>Greek Lamb Pasties

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This is a recipe I’ve had kicking around for a few weeks now, back when the sun was out (remember that – I think that was our Summer? Whenever I have leftovers, or want something simple but tasty to eat, I generally think of putting things in pastry and making a Pasty. Simple, yes, but that’s how I work. To follow my Spanish Pasties from last year, these beauties are thier Greek cousins.

If you want to make your pastry, then a classic shortcrust is what you need – take 200g of Plain Flour, and add 50g of Butter. Add 50g of Lard and a pinch of salt, and rub together with your fingers to make a mix that will resemble breadcrumbs. Add luke warm water slowly – you won’t need a lot, really – until it binds. Wrap in cling film and leave in the fridge for at least 15 minutes before using. If not, then you can buy perfectly good pastry frozen these days.

For the filling, sweat down one large red onion in a couple of teaspoons of Olive Oil. Add Lamb Mince – about 500g – and brown with the onions. Add to this 4 minced cloves of Garlic, 100g of Chopped Olives, and a good few handfuls of torn spinach leaves. Season with black pepper, and the herbs that give it a flavour of Greece; Oregano and Mint. Fresh is always better – chop the leaves and add to taste; but dried will also do – just be generous with the seasoning. Stir in a tablespoon of Tomato Puree to thicken the juices in the pan, and leave the filling to cool.

When ready to cook, pre-heat your oven to 200c. Roll out your pastry and, using a plate or side saucer (depending on how large you want the pasties) and fill one half of the circles with the cooled filling. Before folding over to make the pasties, top the mix with crumbled Feta Cheese. Fold over, crimp, and place on a greased baking tray. Glaze with beaten egg and cook for about 25-30 minutes, until the pasties are golden. Baste a couple of times as you go for a great golden colour. And there you go. Filling pasties that are big on flavour. What’s more – they taste even better cold, the next day. Try it.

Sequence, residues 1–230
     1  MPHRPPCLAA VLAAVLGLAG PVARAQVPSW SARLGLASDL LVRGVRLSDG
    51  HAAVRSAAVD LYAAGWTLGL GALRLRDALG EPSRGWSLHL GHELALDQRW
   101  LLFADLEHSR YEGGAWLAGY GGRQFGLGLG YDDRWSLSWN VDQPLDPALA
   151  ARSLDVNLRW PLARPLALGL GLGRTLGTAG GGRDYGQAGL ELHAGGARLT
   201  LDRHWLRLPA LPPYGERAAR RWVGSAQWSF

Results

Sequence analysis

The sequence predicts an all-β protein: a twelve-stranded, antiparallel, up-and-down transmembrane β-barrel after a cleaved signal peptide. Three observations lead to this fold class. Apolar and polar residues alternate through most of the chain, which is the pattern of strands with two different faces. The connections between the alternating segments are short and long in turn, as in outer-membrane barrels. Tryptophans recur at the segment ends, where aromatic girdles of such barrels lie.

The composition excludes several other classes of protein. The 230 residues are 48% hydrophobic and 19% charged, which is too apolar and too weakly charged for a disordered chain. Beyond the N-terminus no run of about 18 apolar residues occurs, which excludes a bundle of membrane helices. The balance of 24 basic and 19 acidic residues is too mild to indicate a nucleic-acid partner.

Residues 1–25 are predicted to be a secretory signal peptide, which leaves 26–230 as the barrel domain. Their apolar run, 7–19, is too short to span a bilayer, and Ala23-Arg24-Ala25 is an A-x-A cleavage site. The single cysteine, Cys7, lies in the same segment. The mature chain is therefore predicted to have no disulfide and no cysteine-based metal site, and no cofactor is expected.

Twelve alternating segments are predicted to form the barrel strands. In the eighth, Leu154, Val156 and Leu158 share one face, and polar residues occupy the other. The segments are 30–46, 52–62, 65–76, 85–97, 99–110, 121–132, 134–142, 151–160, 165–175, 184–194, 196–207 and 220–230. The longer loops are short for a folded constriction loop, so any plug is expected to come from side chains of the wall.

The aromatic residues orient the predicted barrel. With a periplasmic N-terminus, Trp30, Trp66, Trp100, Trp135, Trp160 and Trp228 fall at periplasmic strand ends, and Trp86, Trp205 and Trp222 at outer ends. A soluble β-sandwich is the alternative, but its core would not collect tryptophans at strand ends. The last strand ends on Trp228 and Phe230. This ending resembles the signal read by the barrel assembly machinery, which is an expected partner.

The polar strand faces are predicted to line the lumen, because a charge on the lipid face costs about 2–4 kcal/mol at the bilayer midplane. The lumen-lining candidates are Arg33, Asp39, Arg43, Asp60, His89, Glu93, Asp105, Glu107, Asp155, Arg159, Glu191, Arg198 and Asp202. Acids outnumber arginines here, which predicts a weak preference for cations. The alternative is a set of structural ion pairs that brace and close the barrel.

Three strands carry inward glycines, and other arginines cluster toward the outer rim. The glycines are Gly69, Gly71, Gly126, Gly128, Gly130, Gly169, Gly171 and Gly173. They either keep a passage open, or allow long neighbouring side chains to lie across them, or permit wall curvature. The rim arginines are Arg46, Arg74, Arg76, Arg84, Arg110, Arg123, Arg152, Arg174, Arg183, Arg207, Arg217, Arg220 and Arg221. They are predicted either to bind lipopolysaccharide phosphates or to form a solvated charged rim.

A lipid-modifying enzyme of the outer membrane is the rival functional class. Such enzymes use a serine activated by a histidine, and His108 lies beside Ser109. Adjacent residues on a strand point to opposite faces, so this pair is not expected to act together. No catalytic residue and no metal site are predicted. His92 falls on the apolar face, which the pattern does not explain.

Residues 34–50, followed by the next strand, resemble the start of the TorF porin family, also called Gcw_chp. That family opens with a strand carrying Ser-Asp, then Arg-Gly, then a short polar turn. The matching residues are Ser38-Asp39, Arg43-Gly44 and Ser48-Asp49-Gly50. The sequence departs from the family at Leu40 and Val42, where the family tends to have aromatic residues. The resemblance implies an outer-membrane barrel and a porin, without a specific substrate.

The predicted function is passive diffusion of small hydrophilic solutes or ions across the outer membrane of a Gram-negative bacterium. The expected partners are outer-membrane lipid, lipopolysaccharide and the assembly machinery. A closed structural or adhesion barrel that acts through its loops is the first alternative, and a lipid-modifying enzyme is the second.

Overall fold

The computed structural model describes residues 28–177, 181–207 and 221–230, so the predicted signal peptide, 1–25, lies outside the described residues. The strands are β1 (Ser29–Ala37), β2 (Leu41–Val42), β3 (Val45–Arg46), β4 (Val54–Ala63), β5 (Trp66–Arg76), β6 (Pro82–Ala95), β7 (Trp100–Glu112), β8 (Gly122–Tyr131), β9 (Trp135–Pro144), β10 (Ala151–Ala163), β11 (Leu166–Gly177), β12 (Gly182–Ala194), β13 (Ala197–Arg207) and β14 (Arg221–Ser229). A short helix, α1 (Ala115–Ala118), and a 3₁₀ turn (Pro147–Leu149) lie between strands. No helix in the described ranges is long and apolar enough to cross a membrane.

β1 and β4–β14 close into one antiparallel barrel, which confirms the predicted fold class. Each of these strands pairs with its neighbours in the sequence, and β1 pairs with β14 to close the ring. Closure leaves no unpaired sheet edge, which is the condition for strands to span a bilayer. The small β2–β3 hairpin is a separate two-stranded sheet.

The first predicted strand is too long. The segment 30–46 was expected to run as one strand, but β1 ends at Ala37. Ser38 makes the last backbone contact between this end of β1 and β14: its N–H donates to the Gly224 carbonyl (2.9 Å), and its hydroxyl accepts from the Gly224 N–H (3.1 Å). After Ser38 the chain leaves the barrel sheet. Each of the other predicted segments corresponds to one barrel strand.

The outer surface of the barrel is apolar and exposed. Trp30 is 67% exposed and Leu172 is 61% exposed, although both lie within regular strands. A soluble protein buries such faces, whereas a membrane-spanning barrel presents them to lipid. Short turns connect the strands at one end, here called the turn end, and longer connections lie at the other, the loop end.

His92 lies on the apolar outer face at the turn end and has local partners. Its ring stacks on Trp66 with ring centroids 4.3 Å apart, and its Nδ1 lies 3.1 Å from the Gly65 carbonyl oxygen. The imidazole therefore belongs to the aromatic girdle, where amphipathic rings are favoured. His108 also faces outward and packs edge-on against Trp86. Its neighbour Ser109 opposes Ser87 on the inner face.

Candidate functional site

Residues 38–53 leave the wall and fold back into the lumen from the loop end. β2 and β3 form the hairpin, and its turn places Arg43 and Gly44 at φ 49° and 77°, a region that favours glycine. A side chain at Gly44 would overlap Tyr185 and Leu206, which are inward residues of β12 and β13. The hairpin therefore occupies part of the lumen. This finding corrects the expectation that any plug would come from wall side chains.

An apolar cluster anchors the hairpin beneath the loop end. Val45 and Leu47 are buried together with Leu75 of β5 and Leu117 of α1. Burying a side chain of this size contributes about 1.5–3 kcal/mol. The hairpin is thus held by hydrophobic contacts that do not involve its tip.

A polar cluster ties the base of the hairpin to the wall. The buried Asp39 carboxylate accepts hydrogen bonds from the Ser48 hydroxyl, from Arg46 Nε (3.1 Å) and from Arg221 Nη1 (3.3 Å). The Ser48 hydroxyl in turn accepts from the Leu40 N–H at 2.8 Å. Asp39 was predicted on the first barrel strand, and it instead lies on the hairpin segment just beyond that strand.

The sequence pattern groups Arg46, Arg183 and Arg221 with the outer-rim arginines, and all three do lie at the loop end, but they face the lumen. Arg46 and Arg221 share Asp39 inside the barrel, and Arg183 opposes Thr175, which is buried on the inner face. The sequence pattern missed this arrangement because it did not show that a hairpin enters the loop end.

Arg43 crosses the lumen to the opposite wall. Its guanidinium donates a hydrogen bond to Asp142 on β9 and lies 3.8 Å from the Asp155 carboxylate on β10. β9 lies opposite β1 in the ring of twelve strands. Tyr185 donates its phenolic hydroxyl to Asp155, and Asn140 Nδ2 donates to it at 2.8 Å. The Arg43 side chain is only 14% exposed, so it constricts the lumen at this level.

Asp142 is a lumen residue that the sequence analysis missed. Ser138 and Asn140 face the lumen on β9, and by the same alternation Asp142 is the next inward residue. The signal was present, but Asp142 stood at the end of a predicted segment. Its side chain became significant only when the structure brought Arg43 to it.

Total disclosure time – I made these a few weeks ago, with WharfeBank’s excellent CamFell Flame in mind. I was lucky enough to get a sample of it from WharfeBank to take home and enjoy – and that’s the version that will appear in the next CAMRA New Full Measure magazine (You’ll have to get yourself down to a pub to get it, bottle-boys).
However, I’m fully aware that that option isn’t open to most of you so in terms of beers to enjoy with it, so try to go for something with a rich, sweet body to contrast with the sharp cheese and bring out the lamb; I’ve since enjoyed some of this batch (frozen, of course) with Brooklyn Lager and Ringwood’s Old Thumper. On top of that, I’d recommend trying out Rudgate’s Battle Axe, Butternuts Porkslap Pale (could’nt resist – you can buy it in the UK now!), Cain’s Raisin Ale, Meantime Union or Cameron’s Strongarm. Off the top of my head.
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About leighgoodstuff

Blog: https://goodfoodgoodbeer.wordpress.com/ I'm Leigh Linley; born and bred in Leeds, and writing about it since 2005. TGS exists solely to highlight the great beers that are out there; brewed with passion by Craft Brewers around the World. I also edit the 'Tavern Tales' section of Culture Vulture, which looks at Pubs and Pub Life rather than the beer in the glass.

Posted on 25/08/2010, in Beer and Food, beer in leeds, Butternuts Porkslap Pale Ale, Cains raisin beer., Cameron's Strongarm, Greek Lamb Pasties, Meantime Union, Ringwood Ales, Rudgate Ruby Mild. Bookmark the permalink. 4 Comments.

  1. >They sound fantastic! And with the olives in there, I can safely make them without Mrs Velkyal wanting to try them…..

  2. >Gotta love olives!

  3. Silly question maybe, but where CAN you buy Porkslap in the UK? I haven’t found it anywhere! 😦 Even in my beloved London.

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